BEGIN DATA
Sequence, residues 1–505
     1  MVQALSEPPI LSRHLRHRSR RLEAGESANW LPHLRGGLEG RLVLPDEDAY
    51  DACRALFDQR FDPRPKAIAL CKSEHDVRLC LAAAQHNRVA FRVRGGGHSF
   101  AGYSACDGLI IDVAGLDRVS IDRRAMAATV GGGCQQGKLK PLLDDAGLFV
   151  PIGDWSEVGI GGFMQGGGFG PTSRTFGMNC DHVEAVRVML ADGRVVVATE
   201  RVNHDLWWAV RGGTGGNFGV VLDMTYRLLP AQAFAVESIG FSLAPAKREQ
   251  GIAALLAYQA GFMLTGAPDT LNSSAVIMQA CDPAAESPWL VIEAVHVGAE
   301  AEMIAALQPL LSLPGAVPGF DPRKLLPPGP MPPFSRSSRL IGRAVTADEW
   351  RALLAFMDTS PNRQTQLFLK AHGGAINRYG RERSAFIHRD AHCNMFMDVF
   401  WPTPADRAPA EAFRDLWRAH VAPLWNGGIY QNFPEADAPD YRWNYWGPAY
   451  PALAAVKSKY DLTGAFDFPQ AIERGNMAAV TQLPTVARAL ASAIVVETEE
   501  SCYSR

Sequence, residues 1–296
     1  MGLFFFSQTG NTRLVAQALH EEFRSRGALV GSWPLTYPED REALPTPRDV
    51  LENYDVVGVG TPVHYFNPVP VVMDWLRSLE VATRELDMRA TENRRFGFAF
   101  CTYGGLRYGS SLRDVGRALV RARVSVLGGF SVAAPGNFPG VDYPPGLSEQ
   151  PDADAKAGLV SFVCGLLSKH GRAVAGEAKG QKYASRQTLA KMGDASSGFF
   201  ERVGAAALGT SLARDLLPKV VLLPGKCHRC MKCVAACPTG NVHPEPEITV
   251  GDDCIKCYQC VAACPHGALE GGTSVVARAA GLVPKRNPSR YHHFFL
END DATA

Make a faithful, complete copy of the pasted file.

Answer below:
Sequence, residues 1–505
     1  MVQALSEPPI LSRHLRHRSR RLEAGESANW LPHLRGGLEG RLVLPDEDAY
    51  DACRALFDQR FDPRPKAIAL CKSEHDVRLC LAAAQHNRVA FRVRGGGHSF
   101  AGYSACDGLI IDVAGLDRVS IDRRAMAATV GGGCQQGKLK PLLDDAGLFV
   151  PIGDWSEVGI GGFMQGGGFG PTSRTFGMNC DHVEAVRVML ADGRVVVATE
   201  RVNHDLWWAV RGGTGGNFGV VLDMTYRLLP AQAFAVESIG FSLAPAKREQ
   251  GIAALLAYQA GFMLTGAPDT LNSSAVIMQA CDPAAESPWL VIEAVHVGAE
   301  AEMIAALQPL LSLPGAVPGF DPRKLLPPGP MPPFSRSSRL IGRAVTADEW
   351  RALLAFMDTS PNRQTQLFLK AHGGAINRYG RERSAFIHRD AHCNMFMDVF
   401  WPTPADRAPA EAFRDLWRAH VAPLWNGGIY QNFPEADAPD YRWNYWGPAY
   451  PALAAVKSKY DLTGAFDFPQ AIERGNMAAV TQLPTVARAL ASAIVVETEE
   501  SCYSR

Sequence, residues 1–296
     1  MGLFFFSQTG NTRLVAQALH EEFRSRGALV GSWPLTYPED REALPTPRDV
    51  LENYDVVGVG TPVHYFNPVP VVMDWLRSLE VATRELDMRA TENRRFGFAF
   101  CTYGGLRYGS SLRDVGRALV RARVSVLGGF SVAAPGNFPG VDYPPGLSEQ
   151  PDADAKAGLV SFVCGLLSKH GRAVAGEAKG QKYASRQTLA KMGDASSGFF
   201  ERVGAAALGT SLARDLLPKV VLLPGKCHRC MKCVAACPTG NVHPEPEITV
   251  GDDCIKCYQC VAACPHGALE GGTSVVARAA GLVPKRNPSR YHHFFL